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BRUCCIANI, Domenico Giovanni

Domenico Brucciani (1815-1880)

Artist associated with 23 portraits
Plaster figure maker. Born near Lucca, Italy, Brucciani came to England with his father. He established a Gallery of Casts in Covent Garden and became the leading figure maker in London. He worked for the South Kensington Museum (now the Victoria and Albert Museum), the British Museum and the National Portrait Gallery, taking casts of items in their collections and of monuments elsewhere..

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Lewis Brucciani 1822-1844, Domenico Brucciani 1846-1881, D. Brucciani & Co 1882-1906, D. Brucciani & Co Ltd 1906-1921. At Lower Lambeth Marsh, London 1822-1824, 15 Denton St, Somers Town 1824, 9 Winchester St, Pentonville 1827-1828, 131 Drury Lane 1828, 5 Little Russell St 1829-1860, 1 Leather Lane 1857-1880, 58 Baker St 1853, 5, 6, 7 and 8 Little Russell St 1858-1860, street renamed and renumbered 1860/1, 36 and 39 Russell St 1862-1864, Galleria delle Belle Arti, 40 Russell St WC 1864-1901, 13 Bucknall St 1895-1901, 254, 256, 258 Goswell Road, EC 1902-1921. Figure maker 1822, Plaster figure man 1841, Formatore and modeller 1870s.

by Domenico Brucciani

The early history of the Brucciani family as Italian figure makers in London requires elucidation. Lewis Brucciani was in business in Lambeth as early as 1822. His wife Lucy Brucciani (d.1838) took out insurance in 1824 in trust for him as an artificial flower manufacturer, and later the same year also as a plaster figure maker, but it was not until 1828 that Lewis Brucciani set up in business in Drury Lane. Domenico Brucciani eventually took over this business but not before he had traded independently elsewhere (see below). Domenico was presumably Lewis and Lucy Brucciani’s son, but it is not clear how he relates to another figure maker, Nicholas or Nicolao Brucciani, found at 24 Wellington Terrace, Waterloo Road from 1839 to 1843, whose age was given as 60 in the 1841 census. Two further Italian plaster figure makers by the name of Brucciani, both born at Barga, close to Lucca, were recorded in the 1881 census in Camberwell, Raffaele, age 24, and Pietro, age 19.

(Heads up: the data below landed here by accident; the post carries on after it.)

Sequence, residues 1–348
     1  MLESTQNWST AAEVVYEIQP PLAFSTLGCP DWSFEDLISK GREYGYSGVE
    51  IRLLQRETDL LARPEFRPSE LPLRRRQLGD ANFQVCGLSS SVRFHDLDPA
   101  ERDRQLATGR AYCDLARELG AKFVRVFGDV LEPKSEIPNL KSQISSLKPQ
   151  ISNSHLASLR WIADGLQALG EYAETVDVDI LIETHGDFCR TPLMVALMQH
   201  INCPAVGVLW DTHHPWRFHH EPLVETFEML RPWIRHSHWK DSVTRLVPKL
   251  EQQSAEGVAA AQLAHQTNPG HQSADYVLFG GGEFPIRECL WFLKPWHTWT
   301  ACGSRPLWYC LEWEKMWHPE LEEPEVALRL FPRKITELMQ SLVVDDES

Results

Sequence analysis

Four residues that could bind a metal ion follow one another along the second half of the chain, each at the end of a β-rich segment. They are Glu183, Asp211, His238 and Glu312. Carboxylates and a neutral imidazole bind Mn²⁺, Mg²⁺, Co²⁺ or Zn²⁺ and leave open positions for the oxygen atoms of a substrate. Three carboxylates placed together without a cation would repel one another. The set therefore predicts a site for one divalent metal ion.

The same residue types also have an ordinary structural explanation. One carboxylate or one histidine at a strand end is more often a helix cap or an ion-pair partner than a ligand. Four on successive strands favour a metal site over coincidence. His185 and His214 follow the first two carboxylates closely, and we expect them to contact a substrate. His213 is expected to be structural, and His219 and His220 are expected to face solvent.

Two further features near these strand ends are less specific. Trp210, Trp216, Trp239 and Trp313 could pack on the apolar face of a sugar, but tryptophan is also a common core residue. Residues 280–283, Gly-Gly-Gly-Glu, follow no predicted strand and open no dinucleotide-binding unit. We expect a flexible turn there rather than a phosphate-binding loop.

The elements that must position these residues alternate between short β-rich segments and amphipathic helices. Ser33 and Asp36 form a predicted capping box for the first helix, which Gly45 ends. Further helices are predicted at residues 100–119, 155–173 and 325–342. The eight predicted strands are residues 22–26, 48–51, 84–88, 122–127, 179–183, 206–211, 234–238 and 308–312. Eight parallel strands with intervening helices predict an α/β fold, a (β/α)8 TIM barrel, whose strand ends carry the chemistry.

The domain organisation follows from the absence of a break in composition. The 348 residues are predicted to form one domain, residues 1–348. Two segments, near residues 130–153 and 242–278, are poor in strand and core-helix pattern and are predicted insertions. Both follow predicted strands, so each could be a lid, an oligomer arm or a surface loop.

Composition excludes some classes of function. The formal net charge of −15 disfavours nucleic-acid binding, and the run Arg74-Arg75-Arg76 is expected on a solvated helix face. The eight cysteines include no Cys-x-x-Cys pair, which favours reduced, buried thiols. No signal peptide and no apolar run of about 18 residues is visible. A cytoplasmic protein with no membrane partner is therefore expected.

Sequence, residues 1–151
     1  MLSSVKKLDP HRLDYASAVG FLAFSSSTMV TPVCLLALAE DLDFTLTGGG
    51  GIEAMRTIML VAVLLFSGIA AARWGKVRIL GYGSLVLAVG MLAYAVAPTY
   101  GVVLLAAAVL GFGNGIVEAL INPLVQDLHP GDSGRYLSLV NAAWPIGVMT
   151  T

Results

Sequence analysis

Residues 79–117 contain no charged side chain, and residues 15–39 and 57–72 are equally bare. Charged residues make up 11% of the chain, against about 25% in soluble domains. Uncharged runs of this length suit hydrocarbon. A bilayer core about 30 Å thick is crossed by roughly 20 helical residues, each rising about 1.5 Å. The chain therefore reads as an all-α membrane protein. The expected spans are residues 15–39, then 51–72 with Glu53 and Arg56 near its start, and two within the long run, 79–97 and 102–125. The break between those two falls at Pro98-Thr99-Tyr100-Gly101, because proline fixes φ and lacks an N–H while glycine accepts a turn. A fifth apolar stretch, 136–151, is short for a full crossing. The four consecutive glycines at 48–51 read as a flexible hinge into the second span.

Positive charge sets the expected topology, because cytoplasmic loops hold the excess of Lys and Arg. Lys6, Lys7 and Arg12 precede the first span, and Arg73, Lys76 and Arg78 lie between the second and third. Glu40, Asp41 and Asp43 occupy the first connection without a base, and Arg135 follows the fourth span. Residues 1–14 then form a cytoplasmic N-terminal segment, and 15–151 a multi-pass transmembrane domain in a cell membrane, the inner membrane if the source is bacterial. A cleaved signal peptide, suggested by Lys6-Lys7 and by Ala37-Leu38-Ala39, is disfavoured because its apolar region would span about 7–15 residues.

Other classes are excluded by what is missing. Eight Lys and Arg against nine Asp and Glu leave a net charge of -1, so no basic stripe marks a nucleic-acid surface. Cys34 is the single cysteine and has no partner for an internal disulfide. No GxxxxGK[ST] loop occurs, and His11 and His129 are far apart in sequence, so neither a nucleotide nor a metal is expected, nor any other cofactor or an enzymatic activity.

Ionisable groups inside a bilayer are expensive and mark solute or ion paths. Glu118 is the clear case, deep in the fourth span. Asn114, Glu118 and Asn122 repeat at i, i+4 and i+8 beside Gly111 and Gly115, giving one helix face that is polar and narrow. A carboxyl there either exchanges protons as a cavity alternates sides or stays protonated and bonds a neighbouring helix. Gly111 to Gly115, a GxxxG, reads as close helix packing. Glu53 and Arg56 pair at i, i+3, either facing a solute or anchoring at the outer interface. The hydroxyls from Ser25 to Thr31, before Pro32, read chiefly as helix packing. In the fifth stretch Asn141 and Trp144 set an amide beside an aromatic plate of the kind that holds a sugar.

Plaster Cast made by Domenico Brucciani

Domenico Brucciani (c.1815-1880) is said to have been born in Lucca in 1815. He married Mary Ann Richardson in 1841 at St Martin-in-the-Fields, apparently remarrying, as Domenico Giovanni Brucciani, in 1846 at Richmond. He traded from Little Russell St from 1829. He also traded from 1 Leather Lane in partnership with Giovanni Graziani as plaster figure makers, a business which he continued following the dissolution of the partnership in 1857 (London Gazette 20 March 1857). When Brucciani’s new premises, the Galleria delle Belle Arti, opened at 40 Russell St in 1864, the size of his new gallery of casts was given as 100 by 25 feet (Art Journal, vol.3, 1864, p.330). He worked as a modeller for the South Kensington Museum (now the Victoria and Albert Museum) and the British Museum, taking casts of items in their collections and supplying other casts. He described himself as ‘Formatore [i.e., maker] & Modeller to the Science and Art Department’, as well as to the British Museum and the Royal Academy of Arts, on his handsome blue invoice paper (examples from 1870s, National Portrait Gallery records, Duplicates of Accounts, vol.1, pp.71-3, 104).

Following Brucciani’s death at the age of 65 in 1880, his business and stock-in-trade were advertised for sale (The Times 26 May 1880). By 1891, an individual by the name of Caproni was trading as D. Brucciani & Co (The Times 10 December 1891). He would appear to be Joseph L. Caproni (1846-1900), who was recorded in the 1881 census at 148 Grays Inn Road as a plaster moulder (arts), age 34, born in Italy but living in London since at least 1868, when his eldest son was born. There were subsequent close connections between the Caproni and Brucciani families, as is apparent from the record of the birth in 1926 of Enrico Brucciani to a mother by the maiden name of Caproni